Axes are wonderful timesavers allowing you to tackle tasks that would not be possible with a knife. When used properly an axe can make short work of chopping and splitting firewood, felling trees, limbing branches, feathering sticks, carving, pretty much anything that you can do with a knife can be done with a sharp axe provided that you use the proper technique.
Many people think of axes as a rusty chunk of blunt metal on a rotten handle that lives in the garden shed when in fact it is a precision tool and should be cared for as such.
Axes come in many shapes and sizes ranging from the small, light and short handled carpenters axe to huge, heavy and long handled felling axe. There are many sizes in between those.
Most Bushcraft folk, me included opt for a mid-sized axe, one that can be carried in or on a pack and be used for carving and heavier work if necessary.
The ideal axe will have a 3 1/4″ face and a 19″ wooden handle with the head weighing 1 1/2 lb. There are many manufacturers of axe, a popular choice is the Gränsfors Bruks Small Forest Axe, capable of felling, splitting and carving. An excellent all-rounder excelling in each area. Do shop around though, you may find something better suited to your needs and personal technique.
Using an axe safely is an acquired skill and we must always be on vigilant when using an axe. Even after many years of using axes I still stop before each swing and run through a mental checklist.
- Where will the axe head go if I miss the target?
- Where are my arms, hands, fingers, and other body parts in relation to the axe and will any of them be in the path of the axe when it swings?
- Are there any other people or animals within range of the axe?
- Are there any distractions around me that may take my mind off the job?
- Do I have any loose items of clothing or tree branches nearby that might interfere with the action?
Until I have an answer to all of those questions and solve any problems as they arise I do not begin to use the axe.
If you are feeling tired or the light is poor, do not use the axe. The consequences of making a mistake with an axe can be far too severe to take risks. It is simply not worth it.
Our axe should be as sharp as our knives, razor sharp. We need to protect the edge from unnecessary damage to the best of our ability so we’re going to need to be sure that when the axe strikes the target and moves through it that it has a suitable base block to hit rather than the ground which can contain stones. Hitting a stone will make a mess of your edge and cause you to have to spend a long time re-shaping and re-sharpening the edge. Prevention, again, is better than cure. In addition to protecting the axes edge, a chopping block will make the axe strokes more effective as if you use soft ground; a lot of the energy is absorbed by the sponge like mud and grass. A solid bit of wood under there is going to make things much easier.
Find a chopping block to work on, a tree stump or another log of perfect.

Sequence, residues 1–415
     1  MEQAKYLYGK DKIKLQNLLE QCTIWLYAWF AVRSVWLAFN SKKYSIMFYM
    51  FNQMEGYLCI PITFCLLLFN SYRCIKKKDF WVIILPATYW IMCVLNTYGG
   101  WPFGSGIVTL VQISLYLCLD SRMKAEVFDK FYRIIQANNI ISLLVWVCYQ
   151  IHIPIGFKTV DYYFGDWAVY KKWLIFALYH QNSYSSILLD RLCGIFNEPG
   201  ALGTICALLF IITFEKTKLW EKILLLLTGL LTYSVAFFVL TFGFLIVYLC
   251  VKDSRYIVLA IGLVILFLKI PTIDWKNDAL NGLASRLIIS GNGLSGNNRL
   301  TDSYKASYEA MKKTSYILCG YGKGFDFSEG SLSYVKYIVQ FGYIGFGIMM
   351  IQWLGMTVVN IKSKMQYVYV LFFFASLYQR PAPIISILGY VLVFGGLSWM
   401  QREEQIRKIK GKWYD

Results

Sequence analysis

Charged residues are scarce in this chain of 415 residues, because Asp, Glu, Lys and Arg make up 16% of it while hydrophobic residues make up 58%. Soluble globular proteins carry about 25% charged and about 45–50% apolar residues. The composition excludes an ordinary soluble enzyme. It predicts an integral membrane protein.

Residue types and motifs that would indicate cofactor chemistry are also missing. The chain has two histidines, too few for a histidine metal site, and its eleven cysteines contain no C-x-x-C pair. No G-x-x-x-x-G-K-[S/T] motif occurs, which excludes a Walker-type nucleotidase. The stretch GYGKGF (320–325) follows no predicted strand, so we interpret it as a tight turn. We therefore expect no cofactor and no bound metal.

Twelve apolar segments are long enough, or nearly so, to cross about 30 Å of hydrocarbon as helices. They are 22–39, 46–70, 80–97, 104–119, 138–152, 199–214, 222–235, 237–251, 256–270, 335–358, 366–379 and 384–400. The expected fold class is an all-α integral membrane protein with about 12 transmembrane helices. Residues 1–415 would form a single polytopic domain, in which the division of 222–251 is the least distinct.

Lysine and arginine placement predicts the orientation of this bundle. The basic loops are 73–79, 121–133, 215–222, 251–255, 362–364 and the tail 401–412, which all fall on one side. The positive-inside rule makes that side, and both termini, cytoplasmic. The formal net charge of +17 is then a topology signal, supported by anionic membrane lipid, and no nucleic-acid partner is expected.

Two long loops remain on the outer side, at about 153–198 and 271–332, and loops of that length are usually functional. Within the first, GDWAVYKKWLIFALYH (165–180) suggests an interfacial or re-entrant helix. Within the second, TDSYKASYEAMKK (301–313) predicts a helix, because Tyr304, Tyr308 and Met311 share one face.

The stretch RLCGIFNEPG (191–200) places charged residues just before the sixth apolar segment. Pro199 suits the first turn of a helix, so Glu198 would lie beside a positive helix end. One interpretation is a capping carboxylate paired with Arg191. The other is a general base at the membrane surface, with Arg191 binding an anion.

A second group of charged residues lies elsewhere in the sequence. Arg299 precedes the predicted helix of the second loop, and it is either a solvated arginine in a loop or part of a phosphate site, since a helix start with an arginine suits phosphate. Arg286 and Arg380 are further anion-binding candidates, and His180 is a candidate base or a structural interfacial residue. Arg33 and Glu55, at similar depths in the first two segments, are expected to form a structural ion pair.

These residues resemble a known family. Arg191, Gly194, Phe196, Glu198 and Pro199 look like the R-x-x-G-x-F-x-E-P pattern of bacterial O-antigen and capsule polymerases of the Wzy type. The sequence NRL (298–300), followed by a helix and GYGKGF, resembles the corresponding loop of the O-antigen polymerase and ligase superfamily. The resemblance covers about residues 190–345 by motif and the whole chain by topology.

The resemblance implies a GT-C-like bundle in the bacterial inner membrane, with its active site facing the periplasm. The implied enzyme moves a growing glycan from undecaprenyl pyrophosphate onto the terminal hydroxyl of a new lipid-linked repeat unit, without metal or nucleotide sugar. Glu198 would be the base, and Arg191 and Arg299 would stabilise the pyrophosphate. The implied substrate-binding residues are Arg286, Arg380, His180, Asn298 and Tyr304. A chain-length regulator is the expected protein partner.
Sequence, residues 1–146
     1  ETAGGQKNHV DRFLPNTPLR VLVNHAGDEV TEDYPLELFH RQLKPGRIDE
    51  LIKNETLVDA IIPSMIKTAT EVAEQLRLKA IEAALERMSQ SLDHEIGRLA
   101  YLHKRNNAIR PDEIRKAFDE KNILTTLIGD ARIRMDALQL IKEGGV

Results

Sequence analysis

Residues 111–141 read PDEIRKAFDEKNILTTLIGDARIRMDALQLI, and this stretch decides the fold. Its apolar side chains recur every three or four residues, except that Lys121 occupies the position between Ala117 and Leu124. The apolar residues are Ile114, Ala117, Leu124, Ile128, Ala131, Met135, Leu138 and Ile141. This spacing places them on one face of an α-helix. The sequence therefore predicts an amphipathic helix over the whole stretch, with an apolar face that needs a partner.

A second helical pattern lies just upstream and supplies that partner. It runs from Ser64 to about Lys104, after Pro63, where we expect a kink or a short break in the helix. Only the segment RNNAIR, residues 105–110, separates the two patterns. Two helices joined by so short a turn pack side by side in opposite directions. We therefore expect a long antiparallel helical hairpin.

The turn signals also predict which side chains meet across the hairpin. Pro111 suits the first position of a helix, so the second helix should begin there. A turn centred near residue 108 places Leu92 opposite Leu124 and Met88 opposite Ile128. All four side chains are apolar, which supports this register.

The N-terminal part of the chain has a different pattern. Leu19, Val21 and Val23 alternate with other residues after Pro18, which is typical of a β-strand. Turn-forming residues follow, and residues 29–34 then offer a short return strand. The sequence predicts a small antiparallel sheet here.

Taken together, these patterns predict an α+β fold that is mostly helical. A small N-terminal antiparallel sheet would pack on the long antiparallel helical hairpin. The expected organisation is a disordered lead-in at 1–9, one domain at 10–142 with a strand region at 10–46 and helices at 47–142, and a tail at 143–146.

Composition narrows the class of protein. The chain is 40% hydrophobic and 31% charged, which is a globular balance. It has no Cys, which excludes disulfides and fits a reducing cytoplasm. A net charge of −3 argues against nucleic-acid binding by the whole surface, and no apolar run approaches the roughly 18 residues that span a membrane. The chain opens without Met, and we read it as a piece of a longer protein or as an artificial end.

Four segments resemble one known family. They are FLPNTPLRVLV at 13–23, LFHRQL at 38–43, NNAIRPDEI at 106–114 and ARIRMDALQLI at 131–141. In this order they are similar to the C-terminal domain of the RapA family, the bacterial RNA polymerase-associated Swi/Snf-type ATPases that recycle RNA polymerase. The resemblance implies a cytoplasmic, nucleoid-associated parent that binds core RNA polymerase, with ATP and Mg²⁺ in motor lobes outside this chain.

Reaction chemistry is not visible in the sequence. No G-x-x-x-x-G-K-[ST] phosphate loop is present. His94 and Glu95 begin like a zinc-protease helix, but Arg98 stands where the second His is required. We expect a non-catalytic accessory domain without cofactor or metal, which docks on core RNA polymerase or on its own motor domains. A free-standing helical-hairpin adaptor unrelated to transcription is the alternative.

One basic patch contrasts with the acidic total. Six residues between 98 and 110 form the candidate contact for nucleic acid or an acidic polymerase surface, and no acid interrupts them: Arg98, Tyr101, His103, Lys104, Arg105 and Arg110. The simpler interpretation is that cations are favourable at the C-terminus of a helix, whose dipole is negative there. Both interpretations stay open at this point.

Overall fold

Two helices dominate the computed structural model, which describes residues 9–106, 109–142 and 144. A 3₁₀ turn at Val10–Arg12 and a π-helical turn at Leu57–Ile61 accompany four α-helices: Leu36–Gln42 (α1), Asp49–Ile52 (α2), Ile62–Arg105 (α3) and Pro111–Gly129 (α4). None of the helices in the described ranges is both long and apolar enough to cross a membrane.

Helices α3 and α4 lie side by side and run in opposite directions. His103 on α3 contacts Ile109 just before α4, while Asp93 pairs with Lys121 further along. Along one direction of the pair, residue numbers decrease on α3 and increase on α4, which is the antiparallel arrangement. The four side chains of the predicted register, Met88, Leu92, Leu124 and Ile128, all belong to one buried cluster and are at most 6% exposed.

Never use live trees or roots as chopping blocks; this will damage the tree no matter how careful you are.
It is important to be comfortable and in a stable position when using an axe, in fact this is important when using any sharp tool.
The safest way to use an axe is by kneeling down on the ground, this way, the natural path of the axe is down into the chopping block or ground as opposed to your body.
If standing, the arc of the swing makes it possible for the axe to hit you on the shins which is going to ruin your day.
Another way of increasing safety while using an axe for splitting wood is to tap the axe into the grain on one end, then invert the axe with wood attached – that is, turn it upside down and then swing downward onto the chopping block using the weight of the wood to split itself on the axe edge.
To split a piece of wood, either with a knife or an axe, the most effective way to do it is to split it along the grain.
By doing so the wood will practically fall apart into two neat halves and little force should be required. If you find yourself having to use huge amounts of force or the wood is not splitting cleanly into two parts, you are probably not hitting the grain.
Different types of wood have different types of grain, some run in straight lines, some run in a spiral, some are densely packed and others are quite far apart.
Get to know your woods and you will find that some are as tough as nails while other split in half at the sight of an axe or a knife.
Splitting while holding the wood.
This may sound alarming but is actually quite safe as long as you follow the mental checklist I mentioned previously and ensure that any part of your body is well clear of the axe head and that your fingers are not between the axe handle and the wood to be split. It is best described in the picture. The reason that this is a safer way of splitting wood is because the axe is under control, there is no wild swinging or hacking, just a firm tap to split the wood down the grain.
The Baton method
A personal favourite of mine, very easy and has less risk that some other methods of splitting wood
It can be done with either a knife of an axe. The principle behind it is to use either the knife or the axe as a wedge and force it in between the grains by hitting it with something heavy, invariably another piece of wood since we don’t want to damage our knives and axes by using anything that might chip the metal.
Battoning with a Knife
Using the weight of the head of the axe in a swinging action – this is potentially the most dangerous way to split wood so be extra careful with this one. It is fun though. Beware the glancing blow, that is when you miss the target and the blade is deflected off of the side of the wood. Ensure that if the blade does glance off of the log that it will end up in a safe area and not a part of your body. You cannot afford to make a single mistake with an axe.